RATING: 5.5/10  Right around average, at best for the fifth installment of the "grand trilogy". Of course "Return of the Jedi" is next and I should have that review ready by weekends end.


July 25, 2013  11:22pm


  1. Wow, you really are risking the wrath of the warsies..
    So I will stand pretty much shoulder to shoulder with you on this.. but beware, an outraged star wars fan boy will be a lot more of a critic than the disappointing Casablanca or Citizen Kane defender. Yes even more than the 'Cat People' fans.
    These (star wars) are OK films.. great at what they do (selling merchandise) and deserve their place as a great film from 10 year old boys. It is the market they are aimed and, and good for them... Now can I please pick up a film magazine without every issue being a 'special anniversary' edition celebrating it.
    Sorry, I do this from time to time.. have a little rant. I will shut up now.

    Yes, even I will say the battle on the snow field was great fun.. but which armaments firm persuaded the Imperial defense procurement committee to buy something so huge, slow, cumbersome, and obviously useless as those attack walkers? Methinks someones brother-in-law has links, and questions need to be asked.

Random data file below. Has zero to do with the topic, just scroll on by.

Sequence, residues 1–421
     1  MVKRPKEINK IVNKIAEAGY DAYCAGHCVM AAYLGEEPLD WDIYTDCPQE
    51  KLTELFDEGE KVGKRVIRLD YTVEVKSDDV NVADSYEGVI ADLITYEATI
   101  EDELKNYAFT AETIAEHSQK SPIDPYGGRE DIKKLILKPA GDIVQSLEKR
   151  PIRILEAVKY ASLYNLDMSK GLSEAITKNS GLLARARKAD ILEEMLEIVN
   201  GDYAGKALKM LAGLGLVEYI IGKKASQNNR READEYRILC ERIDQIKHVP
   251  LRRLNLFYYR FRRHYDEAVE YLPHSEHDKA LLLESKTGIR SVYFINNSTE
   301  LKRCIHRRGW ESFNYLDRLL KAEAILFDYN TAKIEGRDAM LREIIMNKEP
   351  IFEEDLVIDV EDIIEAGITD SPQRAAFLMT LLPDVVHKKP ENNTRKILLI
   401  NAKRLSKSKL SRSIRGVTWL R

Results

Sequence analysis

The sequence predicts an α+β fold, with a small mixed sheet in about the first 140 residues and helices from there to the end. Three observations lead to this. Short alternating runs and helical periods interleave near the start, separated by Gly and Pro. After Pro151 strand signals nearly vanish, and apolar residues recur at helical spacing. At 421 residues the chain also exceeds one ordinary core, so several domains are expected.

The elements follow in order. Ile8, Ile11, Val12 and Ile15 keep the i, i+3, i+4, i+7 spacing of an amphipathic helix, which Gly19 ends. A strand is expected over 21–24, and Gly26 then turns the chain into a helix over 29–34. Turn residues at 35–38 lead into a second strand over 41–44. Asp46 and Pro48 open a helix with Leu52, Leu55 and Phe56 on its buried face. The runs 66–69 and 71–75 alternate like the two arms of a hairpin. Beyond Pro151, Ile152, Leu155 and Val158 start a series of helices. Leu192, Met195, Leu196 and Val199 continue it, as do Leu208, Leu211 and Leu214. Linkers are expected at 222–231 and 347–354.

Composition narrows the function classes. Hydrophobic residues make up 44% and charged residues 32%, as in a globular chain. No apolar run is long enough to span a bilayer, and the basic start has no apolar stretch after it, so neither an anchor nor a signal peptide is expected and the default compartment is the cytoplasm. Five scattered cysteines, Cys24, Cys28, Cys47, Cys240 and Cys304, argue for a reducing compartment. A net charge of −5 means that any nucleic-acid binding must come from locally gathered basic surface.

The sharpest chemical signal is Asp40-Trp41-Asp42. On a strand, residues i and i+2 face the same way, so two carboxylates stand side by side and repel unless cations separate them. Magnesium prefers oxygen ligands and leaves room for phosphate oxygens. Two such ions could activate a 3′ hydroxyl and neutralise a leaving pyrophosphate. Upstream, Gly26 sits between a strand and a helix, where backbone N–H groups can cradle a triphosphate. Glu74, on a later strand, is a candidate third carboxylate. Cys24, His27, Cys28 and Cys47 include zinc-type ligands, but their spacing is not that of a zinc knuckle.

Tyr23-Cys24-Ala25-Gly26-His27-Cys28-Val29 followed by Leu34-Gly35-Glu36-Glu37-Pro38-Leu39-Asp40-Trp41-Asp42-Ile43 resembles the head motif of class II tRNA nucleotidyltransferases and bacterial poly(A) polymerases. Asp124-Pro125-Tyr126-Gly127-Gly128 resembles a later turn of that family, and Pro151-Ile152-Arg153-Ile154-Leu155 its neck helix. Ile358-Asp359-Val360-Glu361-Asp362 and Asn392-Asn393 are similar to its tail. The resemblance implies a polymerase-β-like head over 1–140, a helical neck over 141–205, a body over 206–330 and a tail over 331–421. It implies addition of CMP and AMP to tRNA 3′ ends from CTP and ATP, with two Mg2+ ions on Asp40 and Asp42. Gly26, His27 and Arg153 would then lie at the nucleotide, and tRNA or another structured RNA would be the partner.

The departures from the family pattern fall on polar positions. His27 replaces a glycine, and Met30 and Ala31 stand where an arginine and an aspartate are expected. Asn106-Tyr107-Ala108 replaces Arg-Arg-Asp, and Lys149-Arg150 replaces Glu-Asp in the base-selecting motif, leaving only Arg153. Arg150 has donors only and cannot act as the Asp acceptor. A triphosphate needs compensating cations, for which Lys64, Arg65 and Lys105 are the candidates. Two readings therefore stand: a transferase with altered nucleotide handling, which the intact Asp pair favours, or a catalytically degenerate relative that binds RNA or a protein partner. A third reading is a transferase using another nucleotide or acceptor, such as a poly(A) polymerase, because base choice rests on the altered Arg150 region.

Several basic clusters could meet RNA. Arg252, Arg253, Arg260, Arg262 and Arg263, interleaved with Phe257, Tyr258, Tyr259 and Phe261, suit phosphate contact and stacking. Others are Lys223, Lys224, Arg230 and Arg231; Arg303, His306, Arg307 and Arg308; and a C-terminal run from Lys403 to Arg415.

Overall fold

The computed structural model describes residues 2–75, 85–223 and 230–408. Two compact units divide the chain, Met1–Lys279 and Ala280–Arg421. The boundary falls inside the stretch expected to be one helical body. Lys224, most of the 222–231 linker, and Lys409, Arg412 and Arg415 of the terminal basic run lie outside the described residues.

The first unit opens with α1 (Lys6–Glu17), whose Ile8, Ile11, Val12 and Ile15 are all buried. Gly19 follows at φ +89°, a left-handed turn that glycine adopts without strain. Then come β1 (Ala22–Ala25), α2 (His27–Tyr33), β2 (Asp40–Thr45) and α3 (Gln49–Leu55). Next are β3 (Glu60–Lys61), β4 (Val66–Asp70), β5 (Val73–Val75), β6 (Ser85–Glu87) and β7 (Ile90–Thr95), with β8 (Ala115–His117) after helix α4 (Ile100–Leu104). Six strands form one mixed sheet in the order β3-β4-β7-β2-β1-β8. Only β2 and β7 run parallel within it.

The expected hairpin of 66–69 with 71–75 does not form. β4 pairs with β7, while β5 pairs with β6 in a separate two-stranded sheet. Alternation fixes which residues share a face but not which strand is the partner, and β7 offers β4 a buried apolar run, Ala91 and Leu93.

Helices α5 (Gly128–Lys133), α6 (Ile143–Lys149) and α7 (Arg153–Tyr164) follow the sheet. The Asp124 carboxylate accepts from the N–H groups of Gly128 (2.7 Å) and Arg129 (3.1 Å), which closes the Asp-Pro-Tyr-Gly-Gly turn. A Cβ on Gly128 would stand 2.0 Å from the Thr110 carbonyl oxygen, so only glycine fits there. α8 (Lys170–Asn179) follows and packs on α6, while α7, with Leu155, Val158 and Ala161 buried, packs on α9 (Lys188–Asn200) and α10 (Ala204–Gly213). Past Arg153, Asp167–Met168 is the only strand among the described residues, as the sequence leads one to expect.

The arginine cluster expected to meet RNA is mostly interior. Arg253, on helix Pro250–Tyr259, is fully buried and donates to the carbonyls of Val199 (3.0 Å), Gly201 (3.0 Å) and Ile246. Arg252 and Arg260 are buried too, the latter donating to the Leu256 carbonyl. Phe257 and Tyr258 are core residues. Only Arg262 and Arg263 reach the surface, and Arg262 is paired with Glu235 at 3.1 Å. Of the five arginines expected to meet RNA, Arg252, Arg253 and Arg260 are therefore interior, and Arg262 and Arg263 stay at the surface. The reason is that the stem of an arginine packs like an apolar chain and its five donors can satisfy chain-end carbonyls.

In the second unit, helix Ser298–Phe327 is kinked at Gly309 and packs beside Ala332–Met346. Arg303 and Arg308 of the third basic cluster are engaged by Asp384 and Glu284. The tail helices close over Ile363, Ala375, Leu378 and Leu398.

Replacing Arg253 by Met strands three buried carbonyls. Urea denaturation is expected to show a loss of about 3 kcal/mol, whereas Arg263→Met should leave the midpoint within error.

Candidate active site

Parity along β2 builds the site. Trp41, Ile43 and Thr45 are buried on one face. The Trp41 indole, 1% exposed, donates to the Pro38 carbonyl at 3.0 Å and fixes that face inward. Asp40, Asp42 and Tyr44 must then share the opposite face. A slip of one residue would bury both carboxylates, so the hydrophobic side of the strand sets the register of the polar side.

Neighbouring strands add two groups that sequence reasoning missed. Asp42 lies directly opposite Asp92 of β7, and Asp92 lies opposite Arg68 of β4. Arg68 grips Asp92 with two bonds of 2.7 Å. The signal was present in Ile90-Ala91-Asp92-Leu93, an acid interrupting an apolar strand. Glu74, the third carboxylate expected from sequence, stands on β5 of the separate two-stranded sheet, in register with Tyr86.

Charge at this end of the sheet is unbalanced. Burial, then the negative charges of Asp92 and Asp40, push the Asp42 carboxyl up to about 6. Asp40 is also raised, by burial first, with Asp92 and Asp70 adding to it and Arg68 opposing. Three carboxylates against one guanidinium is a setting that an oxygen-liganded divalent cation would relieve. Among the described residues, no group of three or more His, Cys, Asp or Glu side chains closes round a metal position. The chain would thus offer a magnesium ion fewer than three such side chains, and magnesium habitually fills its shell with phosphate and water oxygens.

And please, lets not start to think about all the civilian construction workers, catering staff, cleaners on the Death Star
    .. Now I'm sounding like a sad movie geek.. so I will certainly shut up, go away and watch something miserable in black and white in Swedish.

    1. Well thank you Ray, for standing shoulder to shoulder with me here. I don't think I'm in the public eye enough to get any sort of measurable wrath from the fanboys, but I'll beware nonetheless.